The trail is completely covered in tufts of fluffy white snow that sparkle in the morning sunlight. As I maneuver the slippery cracks and ruts of the route, I notice the trees are still blanketed in heavy snow but that the sun is doing its hard work to lessen the weighted down branches. Snow plops from the branches of every tree I run past. It’s very cold. But, I feel euphoric. This is just the shot I needed to feel present and alive again.
People often ask me if I feel like I’m an addict. Maybe it’s because they know my past or maybe because they see my present. But, it’s usually triggered by mornings like these when they see me running. “You just have to go, don’t you? You just have to get your fix. Running is your drug of choice.” My response is usually an awkward giggle and half-hearted nod. But today, as I breathe in the very cold air and squint from the sun’s glare, I realize that running isn’t the drug. It’s actually the recovery.
Running is the recovery. From the time I was a little girl, I’ve known – and deeply loved – alcoholics and drug addicts. I have seen their demons and have often been in the trenches alongside of them. It’s tragic. I’ve been there, which is why I would never presume to compare my life to theirs. While I have compassion and profound empathy, I cannot begin to fathom their pain, their heartache, their constant struggle, their desperation associated with this type of substance abuse. But I do know what it’s like to feel all of those emotions – because my struggle is with shame.
I’m running almost directly into the sun now and it’s as if these rays are playing the role of the lightbulb illuminating the filmstrip of my mind. I see the frames that show Brené Brown on stage during a TED Talk and I remember that she was my first conscious introduction to shame and what it really is. What it really does. During her talk, she admitted that, “Shame is the intensely painful feeling that we are unworthy of love and belonging. It is an unspoken epidemic. It is the secret behind many forms of broken behavior.”
Shame is not “I am sorry I made a mistake.” Shame is, “I’m sorry I am a mistake.” Often, shame is what causes addicts to become addicts – whether it’s drugs, alcohol, or abuse.
It was “The Day of Brené” when I was finally liberated. Alone with my laptop and her voice filling the room, it finally became so crystal clear to me. Why do I behave the way I do? Why do I always feel responsible for everyone else’s brokenness? Why do I always feel the need to apologize? Or fix? Or try harder? Or mourn? I’ve never had a problem recognizing my brokenness. I’ve had a problem living with it because it all feels so futile. No matter what, I believe I will never be good enough. Brene answered it all with one word: shame.
At this point, I’m deliberately running slowly – being careful to watch my footing in the deep, slippery snow as I soak in the frozen beauty. My mind gets hung up on the word ‘frozen,’ as I’m reminded of why I run. If I keep moving, I can’t freeze. “Take the first step because that’s all you need to get started in the right direction.”
So, like the addict I am, I follow 12 wobbly steps in my makeshift 12-Step Program. The biggest difference between my program and the Alcoholics Anonymous 12-Step Program is that my program was not designed for recovery – it was designed for coping. It enables me to organize my thoughts and tame the wild voices that try to wrestle control from me – especially when I’m exhausted from trying to validate my existence by doing more, faster, better, perfectly. When I’m feeling especially vulnerable, I run through this 12-Step Program – over and over:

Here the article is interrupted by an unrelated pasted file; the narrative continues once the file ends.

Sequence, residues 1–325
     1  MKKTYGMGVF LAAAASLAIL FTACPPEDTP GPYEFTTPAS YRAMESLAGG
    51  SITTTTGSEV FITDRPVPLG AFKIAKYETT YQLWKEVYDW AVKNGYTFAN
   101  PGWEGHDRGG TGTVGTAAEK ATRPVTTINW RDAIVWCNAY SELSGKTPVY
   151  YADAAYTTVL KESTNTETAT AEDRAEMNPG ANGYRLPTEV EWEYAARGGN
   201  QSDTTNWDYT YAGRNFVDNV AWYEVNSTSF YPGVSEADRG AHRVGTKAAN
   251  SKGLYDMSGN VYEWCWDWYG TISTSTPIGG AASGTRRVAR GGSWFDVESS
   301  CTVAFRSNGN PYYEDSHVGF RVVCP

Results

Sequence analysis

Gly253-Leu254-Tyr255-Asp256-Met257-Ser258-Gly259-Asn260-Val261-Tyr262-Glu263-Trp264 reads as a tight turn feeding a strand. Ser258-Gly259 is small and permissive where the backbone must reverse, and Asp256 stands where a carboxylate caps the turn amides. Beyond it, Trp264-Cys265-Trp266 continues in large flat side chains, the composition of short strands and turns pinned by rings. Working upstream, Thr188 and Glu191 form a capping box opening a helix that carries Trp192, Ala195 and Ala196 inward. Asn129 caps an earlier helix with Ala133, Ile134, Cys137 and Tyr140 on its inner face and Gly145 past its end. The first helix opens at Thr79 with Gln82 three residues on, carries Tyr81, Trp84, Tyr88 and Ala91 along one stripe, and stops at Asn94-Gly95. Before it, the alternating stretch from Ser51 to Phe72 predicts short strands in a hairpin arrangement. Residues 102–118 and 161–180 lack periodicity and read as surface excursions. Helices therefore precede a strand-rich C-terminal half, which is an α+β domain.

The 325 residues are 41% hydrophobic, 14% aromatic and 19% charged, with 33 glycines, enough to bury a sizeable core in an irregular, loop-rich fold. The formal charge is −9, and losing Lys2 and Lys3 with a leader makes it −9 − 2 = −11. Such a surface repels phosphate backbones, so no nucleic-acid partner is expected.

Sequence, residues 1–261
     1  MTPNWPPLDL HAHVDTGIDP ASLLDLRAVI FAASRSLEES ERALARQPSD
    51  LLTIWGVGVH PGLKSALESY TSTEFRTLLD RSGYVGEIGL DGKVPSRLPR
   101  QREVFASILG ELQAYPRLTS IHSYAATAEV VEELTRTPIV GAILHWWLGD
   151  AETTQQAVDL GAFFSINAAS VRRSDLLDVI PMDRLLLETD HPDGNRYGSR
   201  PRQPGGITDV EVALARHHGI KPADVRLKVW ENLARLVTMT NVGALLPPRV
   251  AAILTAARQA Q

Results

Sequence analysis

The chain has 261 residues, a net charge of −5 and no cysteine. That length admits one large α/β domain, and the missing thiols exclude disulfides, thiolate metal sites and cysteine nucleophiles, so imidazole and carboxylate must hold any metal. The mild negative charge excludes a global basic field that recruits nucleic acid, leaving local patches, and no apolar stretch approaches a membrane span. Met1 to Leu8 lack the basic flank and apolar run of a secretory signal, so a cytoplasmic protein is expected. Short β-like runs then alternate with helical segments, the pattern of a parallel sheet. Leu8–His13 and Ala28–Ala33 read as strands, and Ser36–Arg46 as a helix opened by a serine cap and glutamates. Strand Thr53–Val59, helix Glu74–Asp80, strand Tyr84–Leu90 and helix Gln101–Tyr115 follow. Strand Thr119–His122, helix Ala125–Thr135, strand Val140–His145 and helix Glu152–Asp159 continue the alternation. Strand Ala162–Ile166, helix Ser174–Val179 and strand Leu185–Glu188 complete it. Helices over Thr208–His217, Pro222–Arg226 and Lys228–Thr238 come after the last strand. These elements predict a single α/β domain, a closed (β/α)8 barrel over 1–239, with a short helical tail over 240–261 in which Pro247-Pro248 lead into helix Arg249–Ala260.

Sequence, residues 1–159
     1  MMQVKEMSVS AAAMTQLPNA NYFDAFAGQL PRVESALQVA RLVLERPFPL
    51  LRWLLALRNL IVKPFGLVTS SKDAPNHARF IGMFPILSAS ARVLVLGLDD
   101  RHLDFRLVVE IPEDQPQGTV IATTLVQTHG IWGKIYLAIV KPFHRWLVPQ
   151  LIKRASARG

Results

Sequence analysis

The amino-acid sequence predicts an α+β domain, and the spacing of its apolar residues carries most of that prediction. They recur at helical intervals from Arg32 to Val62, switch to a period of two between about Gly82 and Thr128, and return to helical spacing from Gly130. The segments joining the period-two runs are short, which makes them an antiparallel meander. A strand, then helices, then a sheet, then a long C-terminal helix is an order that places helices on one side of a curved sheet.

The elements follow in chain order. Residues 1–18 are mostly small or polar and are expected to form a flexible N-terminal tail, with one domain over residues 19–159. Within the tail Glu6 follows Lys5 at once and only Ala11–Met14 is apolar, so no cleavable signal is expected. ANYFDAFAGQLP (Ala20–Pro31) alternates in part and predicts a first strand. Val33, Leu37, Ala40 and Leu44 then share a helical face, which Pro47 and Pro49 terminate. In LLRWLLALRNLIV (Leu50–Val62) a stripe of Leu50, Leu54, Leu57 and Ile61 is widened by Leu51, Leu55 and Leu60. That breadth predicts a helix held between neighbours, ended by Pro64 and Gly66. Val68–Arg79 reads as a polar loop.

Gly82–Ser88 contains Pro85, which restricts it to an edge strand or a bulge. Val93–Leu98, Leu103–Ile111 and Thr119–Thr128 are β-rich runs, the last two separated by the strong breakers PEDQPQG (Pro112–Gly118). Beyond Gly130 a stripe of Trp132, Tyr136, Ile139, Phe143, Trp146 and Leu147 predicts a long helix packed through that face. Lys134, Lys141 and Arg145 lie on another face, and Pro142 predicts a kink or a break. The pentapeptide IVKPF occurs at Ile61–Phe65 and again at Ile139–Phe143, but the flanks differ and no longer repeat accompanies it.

- I try hard to admit I am powerless over the past – and try extremely hard to believe it.
- I thank God every day for being there – for being the one and only who really loves me despite my flaws and my mistakes. Who makes me feel worthy.
- I try to remember that not everyone is spending their time thinking about what a mistake and screw up I am.
- I try to take an honest inventory of myself and who I am – not based on my warped view of myself but based on what I hope others might see on my good days.
- I try to resist admitting to others, almost too readily, the nature of my brokenness.
- I try to control the urge to reach out to all of the people I believe I’ve hurt and ask for their forgiveness – because often my shameful perception is not their reality.
- I try to stop myself before apologizing for things that I couldn’t possibly be responsible for.
- I do my best to look at the world more logically – using facts to determine the truth about me and the way I influence the world around me.
- I try to have hope – because without hope there really is nothing.
- I work hard to believe that other people are broken too. Their behavior is not always and entirely the result of my interaction, presence, or behavior.
- I pray for God’s grace and thank Him for the grace He’s already shown me.
- I run every day – and every day I work through these twelve steps.
According to Brené, “Shame cannot survive being spoken…and being met with empathy.” For this is why I write. [And why I run.] Thanks for being alongside of me in my recovery.